Harrison & Hubbard. Kreitner & Kinicki. There was also a significant correlation between the age of respondents and organisational commitment. However. Norris & Niebuhr. 1998. 1984.2. the majority of research investigating this relationship indicates that there is a significant relationship between satisfaction and commitment (Aranya. Johnston. Boshoff & Mels. 1992. Parasuraman. Morrison.was also a statically significant relationship between total organisational commitment and job satisfaction. The results indicate that the strongest relationship exists between gender and organisational commitment. 1997. Although Kalleberg and Mastekaasa (2001) found that previous research on the relationship between job satisfaction and organisational commitment has not shown any consistent and easily reconcilable findings.6 indicates the relationship between the respondents’ biographical characteristics and organisational commitment. there was no 112 . and job level and organisational commitment.4 BIOGRAPHICAL COMMITMENT CHARACTERISTICS AND ORGANISATIONAL Table 4. 1995. Buitendach and de Witte (2005) found evidence of the relationship between organisational commitment and job satisfaction based on their research amongst 178 maintenance workers in a parastatal in South Africa. Ting.3. There was also a significant relationship between tenure and organisational commitment. 5. 1982. 1990. 1997). Futrell and Black. In line with the current findings. 1995. Knoop. Lachman & Amernic.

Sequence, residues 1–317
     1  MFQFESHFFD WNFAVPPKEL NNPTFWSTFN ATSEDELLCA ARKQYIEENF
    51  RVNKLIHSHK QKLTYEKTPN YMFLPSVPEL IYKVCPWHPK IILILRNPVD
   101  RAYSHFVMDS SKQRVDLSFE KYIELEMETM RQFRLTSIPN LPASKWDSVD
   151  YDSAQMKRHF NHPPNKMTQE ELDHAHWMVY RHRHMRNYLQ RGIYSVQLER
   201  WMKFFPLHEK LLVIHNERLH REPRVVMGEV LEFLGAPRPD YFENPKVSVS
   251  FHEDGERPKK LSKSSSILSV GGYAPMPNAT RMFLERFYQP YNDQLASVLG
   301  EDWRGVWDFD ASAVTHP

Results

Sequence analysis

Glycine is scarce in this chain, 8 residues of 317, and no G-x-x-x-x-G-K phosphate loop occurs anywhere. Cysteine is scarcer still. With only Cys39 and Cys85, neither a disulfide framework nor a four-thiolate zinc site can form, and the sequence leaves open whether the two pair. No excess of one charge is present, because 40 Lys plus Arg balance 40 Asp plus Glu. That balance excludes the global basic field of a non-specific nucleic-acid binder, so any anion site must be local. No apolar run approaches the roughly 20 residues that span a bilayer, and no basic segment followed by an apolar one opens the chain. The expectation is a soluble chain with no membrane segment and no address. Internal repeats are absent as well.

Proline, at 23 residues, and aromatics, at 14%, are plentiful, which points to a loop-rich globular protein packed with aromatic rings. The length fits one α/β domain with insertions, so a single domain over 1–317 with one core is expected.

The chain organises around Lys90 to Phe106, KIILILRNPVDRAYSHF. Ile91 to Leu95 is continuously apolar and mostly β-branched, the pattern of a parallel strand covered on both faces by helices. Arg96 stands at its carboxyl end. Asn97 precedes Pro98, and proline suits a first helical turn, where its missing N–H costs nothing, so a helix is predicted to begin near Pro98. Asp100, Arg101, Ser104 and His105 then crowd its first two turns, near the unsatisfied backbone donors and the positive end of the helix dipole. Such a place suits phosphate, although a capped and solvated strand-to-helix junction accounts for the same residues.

Older teachers appear also to be less committed.1 GENDER AND ORGANISATIONAL COMMITMENT The results of the current research indicate there is a statistically significant relationship between gender and organisational commitment amongst teachers from disadvantaged schools in the Western Cape.significant relationship between the educational level of teachers and their organisational commitment.4. 1998. followed by gender. The negative Beta weights for tenure indicate that those teachers who have been working for longer are less committed..8 depicts the regression of the biographical variables against organisational commitment. Harrison & Hubbard. based on the negative Beta weight. 1993. Research (Cramer. 1982) indicates that women as a group are more committed than men in their employing organisation. age and job level. Loscocco (1990) conducted research amongst 3 559 blue-collar workers in the manufacturing industry and reports that female employees are more committed than 113 .2. Results indicate that approximately 39% of the variance in organisational commitment can be attributed to the independent variables entered into the regression. Mowday et al. Table 4. Moreover. all of which statistically explain the variance in organisational commitment amongst the sample of 237 teachers.3. 5. the highest Beta-value was for tenure.